If you write for paid trips and promote places in exchange for writing about them, provide full disclosure. Personally, I've stopped reading any travel blogs that don't disclose at least the basics. I don't like being sold something; I want to read about the inner journey or at the very least, the truth. This may not be possible all of time, for example, on paid pieces. But on your website, it is entirely possible.(This is supposedly a controversial topic, but I'm not sure why it would be. Seems both practical and logical to me.)
5.) Work on the core. Writing well.
Things like SEO and so forth are important, but what is more important is that you write well. Work on your writing every single day. Crossing over into other genres helps a lot, because it gets you in touch with your voice and makes your narrative stronger. Personally I pay no attention to SEO or followers. I have them, but that's not why I get writing jobs. I'd also add this bit of advice: take anything a marketing person says with a great deal of salt. It's their business to sell their ideas to you, use discernment. Don't lose your authentic voice to gain readers, you'll be unhappy if you do. Maybe not right away, but eventually you'll be leading a life guided not by who you are, but who you purport to be. If you're really set on getting your site marketed, then consider this: get a writing teacher or mentor to balance that out--preferably someone who writes incredibly well in the literary tradition. You have to work on the core, too, not just the Emperor's clothes.
6.) Create writing that lets readers linger.
Just because writing in a particular fashion or format is popular, doesn't mean you need to do it too. Most of the time, things are popular because they are easy, not because they are worthwhile. Let's use the example of lists, as I'm using one as a tool here rather than the centerpiece. If you use these kinds of tools on their own, it is not writing. It is a tool. Figure out how to connect popular ways of doing things with a richer narrative that shows your talents. Believe that people want worthwhile content and craft your work so that you raise the bar not just for yourself, but your readers. They will come to see your writing as a destination, a respite where they can take hold, rather than a five minute escape.
There is no golden rule that says you have to stay in your category, and yes! you really can be authentic and write beautifully on any platform. Try writing for a literary travel anthology. Try writing for a content marketing firm. Try writing for a cruise line. Try writing for a travel website. Try travel poetry. Try travel sketching alongside essays. Try a magazine about a topic you've never written about, like sailing or history. Try all these platforms on, and pay attention to the quality you contribute, as well as the quality of the writing alongside you. You may find yourself a trailblazer of sorts. Travel writers, to be authentic, need to be renaissance writers, able to dabble and sometimes delve deeply into everything.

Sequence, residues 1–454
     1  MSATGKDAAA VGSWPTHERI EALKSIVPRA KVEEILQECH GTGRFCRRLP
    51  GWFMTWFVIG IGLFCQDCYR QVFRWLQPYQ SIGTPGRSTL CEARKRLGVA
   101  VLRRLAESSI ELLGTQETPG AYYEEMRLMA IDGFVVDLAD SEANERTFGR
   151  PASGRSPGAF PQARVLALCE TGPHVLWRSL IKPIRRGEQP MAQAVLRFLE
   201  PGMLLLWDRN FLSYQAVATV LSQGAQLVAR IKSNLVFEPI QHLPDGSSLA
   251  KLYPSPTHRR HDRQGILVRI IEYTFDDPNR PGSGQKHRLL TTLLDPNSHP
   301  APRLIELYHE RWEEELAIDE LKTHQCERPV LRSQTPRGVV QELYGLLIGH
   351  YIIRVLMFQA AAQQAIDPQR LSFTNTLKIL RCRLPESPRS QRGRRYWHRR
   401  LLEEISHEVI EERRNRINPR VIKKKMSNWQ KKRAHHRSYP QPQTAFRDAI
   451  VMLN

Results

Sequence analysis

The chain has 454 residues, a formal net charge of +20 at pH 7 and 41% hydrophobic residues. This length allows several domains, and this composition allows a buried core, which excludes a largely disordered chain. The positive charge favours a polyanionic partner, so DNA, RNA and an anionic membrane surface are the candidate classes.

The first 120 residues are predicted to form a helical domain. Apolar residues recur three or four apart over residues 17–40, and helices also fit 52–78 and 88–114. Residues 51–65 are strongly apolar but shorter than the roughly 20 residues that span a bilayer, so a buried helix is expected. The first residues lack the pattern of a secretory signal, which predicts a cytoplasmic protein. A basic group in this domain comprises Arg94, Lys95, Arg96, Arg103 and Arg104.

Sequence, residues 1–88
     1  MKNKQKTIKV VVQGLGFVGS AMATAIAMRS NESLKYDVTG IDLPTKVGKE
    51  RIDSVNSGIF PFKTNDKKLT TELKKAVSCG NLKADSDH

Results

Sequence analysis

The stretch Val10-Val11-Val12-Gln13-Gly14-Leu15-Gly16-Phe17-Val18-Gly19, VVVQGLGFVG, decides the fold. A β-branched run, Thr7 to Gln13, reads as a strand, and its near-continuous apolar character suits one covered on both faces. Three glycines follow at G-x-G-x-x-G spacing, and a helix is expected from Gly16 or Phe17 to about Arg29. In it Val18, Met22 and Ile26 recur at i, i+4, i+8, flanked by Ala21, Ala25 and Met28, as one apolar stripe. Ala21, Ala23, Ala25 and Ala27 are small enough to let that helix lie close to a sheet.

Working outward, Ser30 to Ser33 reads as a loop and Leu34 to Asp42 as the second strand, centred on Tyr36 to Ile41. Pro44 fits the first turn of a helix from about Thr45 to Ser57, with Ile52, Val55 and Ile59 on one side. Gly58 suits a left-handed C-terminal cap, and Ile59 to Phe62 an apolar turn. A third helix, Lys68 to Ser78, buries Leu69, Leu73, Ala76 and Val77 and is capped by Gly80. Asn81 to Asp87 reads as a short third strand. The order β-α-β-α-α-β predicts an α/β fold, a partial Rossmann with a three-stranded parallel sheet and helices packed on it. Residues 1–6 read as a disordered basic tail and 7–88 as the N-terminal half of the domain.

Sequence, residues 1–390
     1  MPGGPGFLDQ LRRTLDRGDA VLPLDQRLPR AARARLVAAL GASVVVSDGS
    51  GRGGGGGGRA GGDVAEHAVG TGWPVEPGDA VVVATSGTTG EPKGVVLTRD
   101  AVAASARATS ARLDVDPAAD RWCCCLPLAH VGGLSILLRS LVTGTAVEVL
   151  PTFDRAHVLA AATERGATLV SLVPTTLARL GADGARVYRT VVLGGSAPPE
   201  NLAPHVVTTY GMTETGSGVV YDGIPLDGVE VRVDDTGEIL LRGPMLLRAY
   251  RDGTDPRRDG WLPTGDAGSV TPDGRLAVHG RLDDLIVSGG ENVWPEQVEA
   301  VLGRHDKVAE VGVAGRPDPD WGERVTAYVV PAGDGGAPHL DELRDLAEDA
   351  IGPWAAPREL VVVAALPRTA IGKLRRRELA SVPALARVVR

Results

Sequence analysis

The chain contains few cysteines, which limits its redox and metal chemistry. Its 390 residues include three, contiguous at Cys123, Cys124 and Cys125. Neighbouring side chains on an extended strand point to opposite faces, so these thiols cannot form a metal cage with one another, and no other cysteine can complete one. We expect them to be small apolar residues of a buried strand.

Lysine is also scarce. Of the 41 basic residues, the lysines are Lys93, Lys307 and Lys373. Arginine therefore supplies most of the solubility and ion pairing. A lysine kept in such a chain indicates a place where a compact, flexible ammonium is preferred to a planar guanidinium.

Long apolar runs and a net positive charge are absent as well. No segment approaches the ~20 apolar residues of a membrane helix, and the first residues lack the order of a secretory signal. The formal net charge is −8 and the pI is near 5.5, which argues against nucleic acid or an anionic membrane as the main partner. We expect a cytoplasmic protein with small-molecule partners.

8.) Move outside of the travel genre.
Maybe your work gets followed by people writing exactly what you write, but that is no huge coup. What would be more impressive if you got writers outside of your genre to read your travel writing and like it. If you can do that, you're writing well. If you can do that and still meet your obligations as a travel writer, you've achieved authenticity. Now repeat that, over and over, forever.
9.) Push out, not in.
Follow and read travel websites which push your limits about what travel writing is. Move out of your comfort zone and your network of people who write about the same things you do. For example, if you write family travel, try reading the websites of Artic explorers for awhile. Or if you write literary travel, try on luxury travel blogs for awhile. (I'm always fascinated by what I learn about what I like, love, or need to improve about my own work when I leave my comfort zone.)
10.) No is a beautiful word!
Say no to promoting things you don't like, or that don't fit your platform. My own choice is to keep my website and travels promotion free, but if the time comes that I decide to incorporate that, it will be because it fits with I'm trying to create. If you have any doubt, say no. No is a beautiful word!
This is our moment, as travel writers. We hold a lot of power and influence in creating ways for people to see the world, but only if we are authentic. Authenticity attracts because it is needed. Give yourself the gift of making authentic choices in your writing this year and in your life.
The weekly good is authenticity. It's time.